Public company audit deficiencies fell for a second consecutive year in 2015, but still cropped up in nearly one-third of all inspected audits, according to a new analysis.
Valuation and consulting firm Acuitas published its annual analysis of audit inspection reports issued by the Public Company Accounting Oversight Board, finding inspectors flagged deficiencies in 31.6 percent of all audits inspected in 2015. That was a decline from 39.2 percent in 2014 and 42.9 percent in 2013, the firm said.
The analysis also revealed 31 percent of all audit deficiencies stemmed from problems with fair value measurements and impairments, many of those arising as a result of a surge in business combination activity. Of the fair-value-related deficiencies recorded in 2015, 68 percent arose from business combinations, such as mergers or acquisitions, up from 56 percent the year before.
The PCAOB has called out audit errors arising from estimates, including fair value measurements, as an area of audit that requires some attention and guidance. The board has been working for several years on upgrading its standards in that area, issuing a proposal for new guidance in June. The comment period for that proposal ended Aug. 31. The PCAOB also calls out business combinations as a factor that adds risk to the typical financial statement audit.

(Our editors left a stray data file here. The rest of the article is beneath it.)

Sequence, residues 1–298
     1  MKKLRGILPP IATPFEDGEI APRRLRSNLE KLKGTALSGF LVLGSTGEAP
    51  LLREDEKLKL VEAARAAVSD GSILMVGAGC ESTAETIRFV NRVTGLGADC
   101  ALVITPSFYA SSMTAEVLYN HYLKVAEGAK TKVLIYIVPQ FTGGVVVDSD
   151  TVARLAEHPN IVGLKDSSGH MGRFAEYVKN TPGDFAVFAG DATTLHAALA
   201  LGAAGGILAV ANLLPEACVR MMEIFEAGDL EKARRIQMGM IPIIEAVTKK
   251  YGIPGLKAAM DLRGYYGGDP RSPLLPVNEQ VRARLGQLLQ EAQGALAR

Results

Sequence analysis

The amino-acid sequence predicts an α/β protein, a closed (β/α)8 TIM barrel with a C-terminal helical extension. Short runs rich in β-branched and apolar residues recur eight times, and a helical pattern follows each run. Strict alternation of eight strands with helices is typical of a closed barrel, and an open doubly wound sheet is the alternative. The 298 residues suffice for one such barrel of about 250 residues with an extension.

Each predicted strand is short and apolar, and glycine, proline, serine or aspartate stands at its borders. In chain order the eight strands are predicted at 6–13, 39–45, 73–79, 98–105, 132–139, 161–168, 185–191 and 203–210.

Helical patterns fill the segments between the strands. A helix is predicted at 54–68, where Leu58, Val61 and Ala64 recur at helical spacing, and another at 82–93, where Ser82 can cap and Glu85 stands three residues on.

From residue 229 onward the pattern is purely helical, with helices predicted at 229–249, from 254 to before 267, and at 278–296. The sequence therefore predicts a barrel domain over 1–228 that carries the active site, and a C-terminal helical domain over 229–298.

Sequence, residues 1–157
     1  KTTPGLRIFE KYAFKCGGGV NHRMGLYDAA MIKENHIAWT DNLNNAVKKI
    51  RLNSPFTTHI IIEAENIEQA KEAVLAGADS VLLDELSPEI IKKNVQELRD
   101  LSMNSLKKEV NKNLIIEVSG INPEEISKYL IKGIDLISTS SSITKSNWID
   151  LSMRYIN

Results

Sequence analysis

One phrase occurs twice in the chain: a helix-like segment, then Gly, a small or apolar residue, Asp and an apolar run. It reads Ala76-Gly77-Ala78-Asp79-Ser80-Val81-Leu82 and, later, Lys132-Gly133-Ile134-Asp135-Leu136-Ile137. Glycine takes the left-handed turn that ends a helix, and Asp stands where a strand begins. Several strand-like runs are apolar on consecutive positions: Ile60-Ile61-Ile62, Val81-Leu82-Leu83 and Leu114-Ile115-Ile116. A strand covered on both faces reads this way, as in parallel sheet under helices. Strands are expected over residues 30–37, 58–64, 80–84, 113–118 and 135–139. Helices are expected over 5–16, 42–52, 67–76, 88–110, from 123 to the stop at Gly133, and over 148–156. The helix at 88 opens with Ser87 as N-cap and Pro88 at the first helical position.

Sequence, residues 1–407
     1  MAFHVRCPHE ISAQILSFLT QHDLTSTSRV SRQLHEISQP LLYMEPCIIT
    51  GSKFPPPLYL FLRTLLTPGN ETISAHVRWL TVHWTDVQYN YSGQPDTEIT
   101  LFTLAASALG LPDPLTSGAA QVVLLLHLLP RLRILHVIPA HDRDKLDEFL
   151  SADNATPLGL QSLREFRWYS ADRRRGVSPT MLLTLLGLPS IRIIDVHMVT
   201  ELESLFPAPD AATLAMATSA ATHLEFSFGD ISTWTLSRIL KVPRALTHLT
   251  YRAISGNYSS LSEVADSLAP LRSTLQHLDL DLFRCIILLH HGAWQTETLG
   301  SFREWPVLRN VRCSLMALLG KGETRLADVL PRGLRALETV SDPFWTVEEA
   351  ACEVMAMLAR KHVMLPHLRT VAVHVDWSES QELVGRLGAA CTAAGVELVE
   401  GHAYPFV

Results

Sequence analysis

Acuitas says in its report that root causes of audit failures tied to fair value measurements and impairments tend to arise from failures to assess audit risks, to test internal controls, and to test assumptions underlying asserted financial information. Fair-value-related audit deficiencies tend to involve problems with pricing, failures to test, disclosures, risk assessments, financial projections and assumptions, and other-than-temporary impairments.
The Acuitas analysis also finds that the trend in fair-value-related audit deficiencies is similar the trend in audit deficiencies as a whole. Deficiencies related to fair value peaked at nearly half of all audit deficiencies in 2010 and have tapered in the years since.
“It’s apparent that the number of audit deficiencies remains high, owing to a surge in deal-making activity,” said Mark Zyla, managing director at Acuitas. “But we are seeing industry and accounting firm leaders committing to more quality control measures and ensuring due professional care, hence the decline.”